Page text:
Motorola A920 - Motorola A920

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There is one vital thing missing, a wireless interface such as IrDA (although it seems to be implemented, but not functional as mentioned earlier) or Bluetooth. You might think that this is not so important with an all-in-one device such as this, but it is very handy for sending data across to other types of devices such as mobile phones or PDA’s. Also it means you can’t use a Bluetooth hands-free headset. And with a phone this big, that’s exactly what you’d want to use with it.


So what about the operating system and usage? Well, the operating system is based on the Symbian platform, similar to that of the Sony-Ericsson P800 phone. It’s using what Symbian refers to as OS 70 which is the platform developed for stylus based devices.

This is a very stable platform, although it is somewhat slow on the A920 but this is likely due to the supporting hardware rather than the software. The A920 is also very slow to boot into the OS once you’ve switched it on, taking between 20-30 seconds.


If you’ve used a stylus-based PDA before, you shouldn’t have any problems getting to grips with the A920. Even if you haven’t used a device like this, once you’ve got used to stylus input, it should become simple to operate. It is worth reading the manual, which is reasonably detailed, although some changes seem to have occurred in the software since the manual was printed.


The standard set of applications include a simple Notes application, a To Do list, a Calendar, a Calculator, a Contacts list, an email and SMS application, an Audio player, a Video player, a world clock, a Picture viewer and a Voice recorder. There is also a control panel and applications that allows you to sync the A920 with either the supplied desktop suite or over SyncML. There are no games supplied as standard and these have to be downloaded for a charge. The biggest problem here is that you’re charged for them every three days and it’s not cheap at 50p per game.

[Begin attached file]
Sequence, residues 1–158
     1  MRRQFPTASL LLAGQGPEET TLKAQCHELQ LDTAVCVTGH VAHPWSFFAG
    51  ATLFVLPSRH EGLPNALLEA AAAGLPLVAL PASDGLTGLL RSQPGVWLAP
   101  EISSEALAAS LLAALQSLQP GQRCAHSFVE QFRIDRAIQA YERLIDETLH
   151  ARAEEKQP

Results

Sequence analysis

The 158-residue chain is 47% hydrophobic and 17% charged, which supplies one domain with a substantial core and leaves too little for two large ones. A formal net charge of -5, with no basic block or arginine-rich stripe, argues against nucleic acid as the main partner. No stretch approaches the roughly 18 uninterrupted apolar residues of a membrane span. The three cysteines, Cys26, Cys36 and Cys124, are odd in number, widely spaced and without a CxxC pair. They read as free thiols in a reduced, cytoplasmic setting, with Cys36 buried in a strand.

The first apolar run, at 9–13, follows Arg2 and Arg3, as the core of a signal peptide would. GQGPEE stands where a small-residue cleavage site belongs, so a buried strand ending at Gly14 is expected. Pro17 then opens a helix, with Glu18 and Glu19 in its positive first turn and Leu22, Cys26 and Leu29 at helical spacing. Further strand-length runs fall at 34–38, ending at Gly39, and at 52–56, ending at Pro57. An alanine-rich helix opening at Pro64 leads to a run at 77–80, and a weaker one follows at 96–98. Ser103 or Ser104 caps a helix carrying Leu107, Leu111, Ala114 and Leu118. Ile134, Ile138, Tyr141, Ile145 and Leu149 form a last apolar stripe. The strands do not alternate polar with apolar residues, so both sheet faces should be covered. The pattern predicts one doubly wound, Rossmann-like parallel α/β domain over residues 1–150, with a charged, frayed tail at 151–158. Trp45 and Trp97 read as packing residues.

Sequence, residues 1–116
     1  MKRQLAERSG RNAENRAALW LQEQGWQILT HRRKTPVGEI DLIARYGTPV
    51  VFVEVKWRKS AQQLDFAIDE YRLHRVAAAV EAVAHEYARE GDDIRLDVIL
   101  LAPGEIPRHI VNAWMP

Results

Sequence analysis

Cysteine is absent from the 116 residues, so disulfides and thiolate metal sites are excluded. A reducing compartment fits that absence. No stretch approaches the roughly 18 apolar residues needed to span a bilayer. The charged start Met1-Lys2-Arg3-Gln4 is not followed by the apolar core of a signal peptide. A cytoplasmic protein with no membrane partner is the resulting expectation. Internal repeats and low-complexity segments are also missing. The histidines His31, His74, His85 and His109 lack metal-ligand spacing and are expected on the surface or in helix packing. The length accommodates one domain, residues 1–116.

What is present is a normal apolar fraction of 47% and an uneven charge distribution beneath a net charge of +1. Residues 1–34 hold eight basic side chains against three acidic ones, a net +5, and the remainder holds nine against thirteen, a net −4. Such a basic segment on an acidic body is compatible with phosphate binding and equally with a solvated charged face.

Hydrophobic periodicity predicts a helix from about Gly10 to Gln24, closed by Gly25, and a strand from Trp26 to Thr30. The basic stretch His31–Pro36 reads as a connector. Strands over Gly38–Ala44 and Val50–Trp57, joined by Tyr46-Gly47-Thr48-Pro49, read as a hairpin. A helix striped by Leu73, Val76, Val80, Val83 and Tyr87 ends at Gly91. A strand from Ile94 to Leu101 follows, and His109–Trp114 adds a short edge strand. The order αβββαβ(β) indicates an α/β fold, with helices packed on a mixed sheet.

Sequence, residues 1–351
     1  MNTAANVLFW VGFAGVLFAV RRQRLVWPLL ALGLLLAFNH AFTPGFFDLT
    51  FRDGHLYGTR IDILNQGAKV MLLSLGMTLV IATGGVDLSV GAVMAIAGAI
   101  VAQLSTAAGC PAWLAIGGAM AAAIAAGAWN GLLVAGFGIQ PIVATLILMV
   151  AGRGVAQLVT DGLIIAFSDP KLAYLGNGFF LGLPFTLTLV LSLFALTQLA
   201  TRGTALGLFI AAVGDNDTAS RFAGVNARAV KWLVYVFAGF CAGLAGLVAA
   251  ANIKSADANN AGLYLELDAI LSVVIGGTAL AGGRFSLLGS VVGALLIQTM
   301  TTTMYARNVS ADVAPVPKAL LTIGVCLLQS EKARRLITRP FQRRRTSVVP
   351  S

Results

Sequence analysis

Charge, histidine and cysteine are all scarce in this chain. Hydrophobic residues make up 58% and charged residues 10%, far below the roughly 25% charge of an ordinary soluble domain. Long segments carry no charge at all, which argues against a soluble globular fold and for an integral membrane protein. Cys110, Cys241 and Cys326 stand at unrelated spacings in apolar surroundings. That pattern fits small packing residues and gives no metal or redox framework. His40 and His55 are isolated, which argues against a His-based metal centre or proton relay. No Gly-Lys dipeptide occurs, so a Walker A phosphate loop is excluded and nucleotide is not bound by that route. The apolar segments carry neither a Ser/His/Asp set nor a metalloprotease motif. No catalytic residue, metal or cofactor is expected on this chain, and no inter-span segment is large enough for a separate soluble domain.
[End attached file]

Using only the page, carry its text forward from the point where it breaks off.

The applications are very similar to those found on PDAs so they are pretty simple to use for anyone who’s ever had a PDA. The Contacts list is very useful and can be synchronized with Outlook. You can dial numbers or send emails by taping on the corresponding field in the contacts list. There is also an option here to select between voice or video calls as well as SMS or MMS.


Using the A920 as a mobile phone feels clumsy and the on-screen keypad doesn’t help. Having to tap numbers on a screen just isn’t as intuitive as pressing a keypad. One good feature however is the call log which makes it very easy to go back and check the last 20 or so calls you’ve made.


You can select what network to use and change the phone over to 1900MHz if you happen to be in North America. There is also an option to switch the radio transmitter off, allowing you to use the A920’s PDA features while you’re on an plane.


Online content was one of the main selling points when 3G was launched and 3 provides plenty of content through its online service. This is accessed trough a special version of the Opera web browser. You can download news, football, movies clips, games and weather reports to mention a few. The only problem here in my opinion is that you can’t access non 3 content such as other web sites or even WAP content. You don’t always want to download a video to check the news, sometimes just accessing a news website is preferable. Hopefully this is something 3 will change as soon as some of its competitors launch 3G services.